The Chicago Botanic Garden’s Regenstein Learning Campus, truly, is something special. The Learning Center, nestled on seven magnificently landscaped acres, offers a living laboratory for learning.
The welcoming campus encompasses four areas where nature and knowledge intersect: a nature play garden, the learning center, a children’s growing garden and a water garden area. Here’s what they offer:
1. The Nature Play Garden
The inviting 1.5 acre nature garden calls out to children (and even adults–at least on the day I was there) to jump, roll, splash, climb and play among the hills, lawn and natural play structures in the garden. Landscape designer Mikyoung Kim provided the concept vision for the Nature Play Garden with Jacobs/Ryan Associates adapting the design.
The expansive garden features a runnel, rolling hills, a willow tunnel, and natural “rooms” defined by arborvitaes and hornbeams. There are places to hide, rest and discover outdoor wonders among the sugar maples, aspen, redbud groves and native plants.
2. The Learning Center
The 26,700-square-foot Learning Center features 12 indoor and two outdoor classrooms. The building also includes exhibits, stunning art work along with an indoor bee hive.
The building was designed by Chicago architectural firm Booth Hansen with sustainability input from experts at the Rocky Mountain Institute.
Recycled and low-carbon building materials were used in the architecturally distinctive, curving building, featuring solar panels, natural daylight serving as lighting for 90 percent of the building and a rainwater capture and storage system
The Learning Campus offers 1,500 classes for preschool children to adults. The curriculum features a wide range of programming including art and gardening classes, field trips and teacher professional development programs, yoga, Tai Chi, cooking classes and demos and wellness offerings.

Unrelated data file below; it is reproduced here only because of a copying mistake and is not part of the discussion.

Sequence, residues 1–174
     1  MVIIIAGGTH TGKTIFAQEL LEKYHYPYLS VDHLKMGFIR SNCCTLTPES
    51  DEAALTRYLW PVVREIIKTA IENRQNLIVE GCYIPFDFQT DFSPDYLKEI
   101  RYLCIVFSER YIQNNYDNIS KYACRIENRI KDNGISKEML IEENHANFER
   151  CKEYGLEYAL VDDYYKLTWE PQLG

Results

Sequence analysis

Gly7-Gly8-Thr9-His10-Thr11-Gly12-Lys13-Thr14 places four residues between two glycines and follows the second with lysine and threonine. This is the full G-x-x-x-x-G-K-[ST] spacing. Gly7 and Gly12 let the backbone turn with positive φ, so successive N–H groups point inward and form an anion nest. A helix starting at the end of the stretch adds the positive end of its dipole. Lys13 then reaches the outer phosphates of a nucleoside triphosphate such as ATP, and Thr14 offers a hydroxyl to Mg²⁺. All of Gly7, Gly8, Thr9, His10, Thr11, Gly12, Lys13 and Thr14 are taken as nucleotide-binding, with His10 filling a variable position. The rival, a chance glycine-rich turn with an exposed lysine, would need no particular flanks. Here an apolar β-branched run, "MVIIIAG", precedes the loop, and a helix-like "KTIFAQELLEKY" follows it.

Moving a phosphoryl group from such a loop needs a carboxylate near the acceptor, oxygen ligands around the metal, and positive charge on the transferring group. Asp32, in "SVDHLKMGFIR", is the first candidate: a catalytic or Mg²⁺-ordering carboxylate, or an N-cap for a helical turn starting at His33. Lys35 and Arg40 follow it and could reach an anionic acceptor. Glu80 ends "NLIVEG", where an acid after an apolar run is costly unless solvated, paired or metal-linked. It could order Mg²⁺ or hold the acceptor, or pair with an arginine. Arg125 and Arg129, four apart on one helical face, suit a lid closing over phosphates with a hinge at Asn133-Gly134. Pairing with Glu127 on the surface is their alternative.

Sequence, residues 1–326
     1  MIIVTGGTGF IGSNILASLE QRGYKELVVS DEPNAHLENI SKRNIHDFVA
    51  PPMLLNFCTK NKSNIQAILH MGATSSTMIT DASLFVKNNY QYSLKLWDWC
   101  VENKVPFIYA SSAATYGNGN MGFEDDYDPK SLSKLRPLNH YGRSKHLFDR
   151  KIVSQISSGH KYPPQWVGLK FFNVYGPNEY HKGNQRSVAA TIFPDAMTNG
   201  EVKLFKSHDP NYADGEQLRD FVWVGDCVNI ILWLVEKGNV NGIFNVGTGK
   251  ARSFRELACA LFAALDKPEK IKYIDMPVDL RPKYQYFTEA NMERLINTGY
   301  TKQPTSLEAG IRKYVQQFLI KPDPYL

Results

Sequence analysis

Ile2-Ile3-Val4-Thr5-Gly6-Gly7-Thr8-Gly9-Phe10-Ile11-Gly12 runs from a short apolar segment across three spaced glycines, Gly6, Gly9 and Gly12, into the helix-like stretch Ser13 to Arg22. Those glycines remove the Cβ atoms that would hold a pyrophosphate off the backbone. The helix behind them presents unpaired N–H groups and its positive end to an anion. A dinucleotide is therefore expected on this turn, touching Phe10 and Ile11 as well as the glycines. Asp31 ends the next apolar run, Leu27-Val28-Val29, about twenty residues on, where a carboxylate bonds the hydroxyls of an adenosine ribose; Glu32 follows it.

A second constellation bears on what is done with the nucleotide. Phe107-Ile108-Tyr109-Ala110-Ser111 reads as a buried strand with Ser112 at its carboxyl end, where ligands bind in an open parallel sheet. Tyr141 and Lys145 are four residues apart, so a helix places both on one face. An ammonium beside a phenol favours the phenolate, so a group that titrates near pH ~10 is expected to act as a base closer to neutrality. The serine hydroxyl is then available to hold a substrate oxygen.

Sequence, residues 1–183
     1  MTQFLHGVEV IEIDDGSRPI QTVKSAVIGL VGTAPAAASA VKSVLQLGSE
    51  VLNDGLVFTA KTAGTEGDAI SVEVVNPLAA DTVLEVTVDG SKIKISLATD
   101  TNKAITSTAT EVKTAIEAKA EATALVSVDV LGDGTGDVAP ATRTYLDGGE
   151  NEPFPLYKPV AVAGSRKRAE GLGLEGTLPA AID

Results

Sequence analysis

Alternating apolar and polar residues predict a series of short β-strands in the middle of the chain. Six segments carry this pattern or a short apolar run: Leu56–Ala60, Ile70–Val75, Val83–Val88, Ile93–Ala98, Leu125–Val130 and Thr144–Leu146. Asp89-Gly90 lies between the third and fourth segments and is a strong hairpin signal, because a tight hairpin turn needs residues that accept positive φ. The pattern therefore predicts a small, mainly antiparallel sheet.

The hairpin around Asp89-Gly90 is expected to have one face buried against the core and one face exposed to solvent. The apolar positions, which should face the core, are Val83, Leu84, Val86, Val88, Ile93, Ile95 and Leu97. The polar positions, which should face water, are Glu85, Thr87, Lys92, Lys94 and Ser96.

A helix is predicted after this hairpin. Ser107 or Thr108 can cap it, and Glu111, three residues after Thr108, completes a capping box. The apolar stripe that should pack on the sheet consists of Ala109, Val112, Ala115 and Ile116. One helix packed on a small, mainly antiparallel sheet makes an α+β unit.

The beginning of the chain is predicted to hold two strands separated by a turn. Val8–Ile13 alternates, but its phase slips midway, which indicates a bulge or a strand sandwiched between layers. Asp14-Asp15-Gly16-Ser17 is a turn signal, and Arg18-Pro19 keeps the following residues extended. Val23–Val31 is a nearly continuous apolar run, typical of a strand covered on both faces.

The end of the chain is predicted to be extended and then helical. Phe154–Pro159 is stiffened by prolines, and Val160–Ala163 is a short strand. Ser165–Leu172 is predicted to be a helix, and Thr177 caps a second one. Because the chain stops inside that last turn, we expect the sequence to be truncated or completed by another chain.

3. Grunsfeld Children’s Growing Garden
The Children’s Growing Garden offers children an opportunity to get hands-on experience with plants. The garden features, outdoor classrooms, raised beds, six in-ground demonstration beds, and five display beds. In addition it offers wheelchair-accessible trays in the raised beds that enable students of all abilities to join in the fun.
4. Kleinman Family Cove
The Kleinman Family Cove is all about water. The cove, located along 800 feet of restored shoreline gardens, teaches the importance of water. It features a boardwalk, an amphitheater, a protected wading area, and native plants–enabling students, adult educators, and visitors to learn critical information that freshwater systems play in the health of the natural world.
The cove was designed by Oehme, van Sweden & Associates.
From mud pies to rolling hills here’s an overview of the Regenstein Learning Campus from opening weekend.
The Chicago Botanic Garden is open every day of the year. Admission is free but parking is $25 per car on weekdays; $30 per car on weekends and federal holidays with a special $10 rate for senior citizens on Tuesdays (age 62+). Members receive free parking and other benefits.
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Filed under: Chicago Botanic Garden